Is Poker the New Golf?

About 40 women (and a few men) are gathered in midtown Manhattan to nosh, network and practice their poker face—not the Lady Gaga song, the Texas Hold ’em version.

“Learning how to play poker helps women enhance their business and life skills,” says Ellen Leikind, a former corporate executive and founder of POKER-prima-DIVAS. An avid player, Leikind recognized the skills needed to play poker—reading body language, assessing risk, dealing with the hand you’re dealt, knowing when to hold and when to fold, betting and bluffing wisely, to name a few—mirror skills needed to succeed in business.

Since Leikind launched POKER-prima-DIVAS in 2005, she’s taught the game—and the skills that go with it—to nearly 10,000 women and put on team-building events at Fortune 500 companies as well as financial and law firms. The company also organizes fundraisers with charitable organizations.

“Poker is the new golf,” Leikind says, “and women need to get into the game and take their rightful seats at the table.”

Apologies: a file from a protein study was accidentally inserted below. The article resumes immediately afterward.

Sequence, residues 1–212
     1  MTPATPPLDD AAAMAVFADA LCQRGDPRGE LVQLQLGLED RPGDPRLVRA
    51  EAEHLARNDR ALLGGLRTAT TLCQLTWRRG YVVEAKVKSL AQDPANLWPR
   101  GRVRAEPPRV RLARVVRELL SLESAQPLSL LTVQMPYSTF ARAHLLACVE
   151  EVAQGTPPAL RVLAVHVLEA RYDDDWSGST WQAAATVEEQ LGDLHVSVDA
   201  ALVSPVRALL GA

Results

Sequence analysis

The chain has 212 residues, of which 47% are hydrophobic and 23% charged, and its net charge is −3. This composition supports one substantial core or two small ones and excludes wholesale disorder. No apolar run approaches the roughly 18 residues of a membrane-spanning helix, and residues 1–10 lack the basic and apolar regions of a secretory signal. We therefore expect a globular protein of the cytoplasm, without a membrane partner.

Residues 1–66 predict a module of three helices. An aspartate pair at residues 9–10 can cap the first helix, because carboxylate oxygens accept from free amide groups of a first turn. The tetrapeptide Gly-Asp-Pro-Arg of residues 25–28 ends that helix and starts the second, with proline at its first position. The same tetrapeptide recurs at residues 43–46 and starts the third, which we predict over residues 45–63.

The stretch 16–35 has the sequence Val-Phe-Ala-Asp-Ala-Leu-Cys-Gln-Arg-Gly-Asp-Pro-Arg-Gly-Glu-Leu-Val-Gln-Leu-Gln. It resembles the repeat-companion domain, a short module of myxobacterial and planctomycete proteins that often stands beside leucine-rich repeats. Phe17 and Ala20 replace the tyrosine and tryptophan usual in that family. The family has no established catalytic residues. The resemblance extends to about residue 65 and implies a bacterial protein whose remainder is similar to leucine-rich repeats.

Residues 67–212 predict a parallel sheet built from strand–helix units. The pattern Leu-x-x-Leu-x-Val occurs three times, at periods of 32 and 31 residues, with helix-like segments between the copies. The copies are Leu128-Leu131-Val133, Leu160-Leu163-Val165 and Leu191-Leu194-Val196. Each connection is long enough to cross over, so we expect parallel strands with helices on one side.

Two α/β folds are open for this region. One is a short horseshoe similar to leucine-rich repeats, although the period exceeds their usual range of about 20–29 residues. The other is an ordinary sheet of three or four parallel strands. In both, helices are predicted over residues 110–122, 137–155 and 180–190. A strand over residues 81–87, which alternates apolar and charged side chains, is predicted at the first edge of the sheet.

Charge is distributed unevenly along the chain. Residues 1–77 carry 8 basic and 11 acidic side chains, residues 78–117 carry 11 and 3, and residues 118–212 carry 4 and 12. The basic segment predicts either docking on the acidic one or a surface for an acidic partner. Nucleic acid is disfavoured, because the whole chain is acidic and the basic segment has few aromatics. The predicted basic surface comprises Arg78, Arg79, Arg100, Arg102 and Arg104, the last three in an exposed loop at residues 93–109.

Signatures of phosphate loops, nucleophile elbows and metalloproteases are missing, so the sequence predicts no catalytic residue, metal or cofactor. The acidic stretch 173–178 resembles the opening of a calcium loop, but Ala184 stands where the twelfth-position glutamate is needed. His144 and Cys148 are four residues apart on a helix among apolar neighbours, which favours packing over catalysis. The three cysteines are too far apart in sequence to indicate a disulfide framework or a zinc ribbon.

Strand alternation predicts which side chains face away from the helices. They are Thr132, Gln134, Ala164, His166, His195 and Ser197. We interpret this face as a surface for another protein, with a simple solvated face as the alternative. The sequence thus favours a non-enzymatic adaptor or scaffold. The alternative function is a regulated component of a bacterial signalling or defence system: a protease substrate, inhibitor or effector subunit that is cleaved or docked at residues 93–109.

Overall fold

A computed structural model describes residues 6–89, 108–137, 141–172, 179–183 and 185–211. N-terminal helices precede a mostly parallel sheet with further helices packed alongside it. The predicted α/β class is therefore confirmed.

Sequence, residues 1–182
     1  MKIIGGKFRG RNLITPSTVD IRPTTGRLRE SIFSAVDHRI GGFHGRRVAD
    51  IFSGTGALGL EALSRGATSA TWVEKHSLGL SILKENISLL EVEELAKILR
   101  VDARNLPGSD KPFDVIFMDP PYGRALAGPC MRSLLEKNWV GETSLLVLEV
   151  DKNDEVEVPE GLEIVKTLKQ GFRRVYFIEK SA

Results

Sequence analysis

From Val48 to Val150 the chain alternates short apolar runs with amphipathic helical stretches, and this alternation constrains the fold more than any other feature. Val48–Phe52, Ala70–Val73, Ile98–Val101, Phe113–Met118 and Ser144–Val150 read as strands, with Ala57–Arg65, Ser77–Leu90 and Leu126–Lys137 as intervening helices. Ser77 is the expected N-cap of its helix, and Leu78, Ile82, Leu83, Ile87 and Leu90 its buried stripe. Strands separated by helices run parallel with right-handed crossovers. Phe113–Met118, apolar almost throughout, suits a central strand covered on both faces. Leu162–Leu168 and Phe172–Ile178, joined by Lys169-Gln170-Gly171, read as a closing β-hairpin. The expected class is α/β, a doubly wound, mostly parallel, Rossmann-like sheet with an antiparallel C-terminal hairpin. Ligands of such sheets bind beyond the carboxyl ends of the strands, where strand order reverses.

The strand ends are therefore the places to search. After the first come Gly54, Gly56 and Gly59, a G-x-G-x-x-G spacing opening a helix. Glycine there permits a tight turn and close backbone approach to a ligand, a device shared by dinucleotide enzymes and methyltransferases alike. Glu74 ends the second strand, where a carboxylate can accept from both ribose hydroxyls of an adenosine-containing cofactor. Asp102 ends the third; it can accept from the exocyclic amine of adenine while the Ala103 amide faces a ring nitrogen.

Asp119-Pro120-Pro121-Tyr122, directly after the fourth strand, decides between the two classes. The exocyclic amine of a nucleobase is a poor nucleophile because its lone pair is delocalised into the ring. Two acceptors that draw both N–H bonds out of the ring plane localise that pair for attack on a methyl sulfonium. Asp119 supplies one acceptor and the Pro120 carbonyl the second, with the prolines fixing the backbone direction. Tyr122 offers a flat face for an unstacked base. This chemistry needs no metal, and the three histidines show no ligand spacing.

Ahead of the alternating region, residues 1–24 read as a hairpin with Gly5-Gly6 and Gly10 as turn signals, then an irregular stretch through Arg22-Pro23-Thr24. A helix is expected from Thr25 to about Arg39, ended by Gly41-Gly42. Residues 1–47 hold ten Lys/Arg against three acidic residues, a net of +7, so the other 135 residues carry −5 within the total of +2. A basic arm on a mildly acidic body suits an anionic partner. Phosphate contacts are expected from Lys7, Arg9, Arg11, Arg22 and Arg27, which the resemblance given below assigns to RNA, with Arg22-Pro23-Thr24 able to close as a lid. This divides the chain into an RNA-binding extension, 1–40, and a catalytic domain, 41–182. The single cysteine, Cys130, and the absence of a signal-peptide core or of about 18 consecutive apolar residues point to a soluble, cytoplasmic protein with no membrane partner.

Stephanie Abrams, co-founder of social media and marketing firm Socialfly, says playing poker helped her rein in her emotions in business scenarios. “I tend to wear my emotions on my sleeve,” she says. “Now I definitely have a better poker face.”

Trust and estate-planning lawyer Tracy Landauer says poker has changed her view of risk and reward. “I’m definitely less risk-averse now,” she says. Her newfound comfort level paid off. She won first place in the night’s tournament.

Poker might be inching up as the new business game, but golf still teaches tips applicable on the course and in the office.

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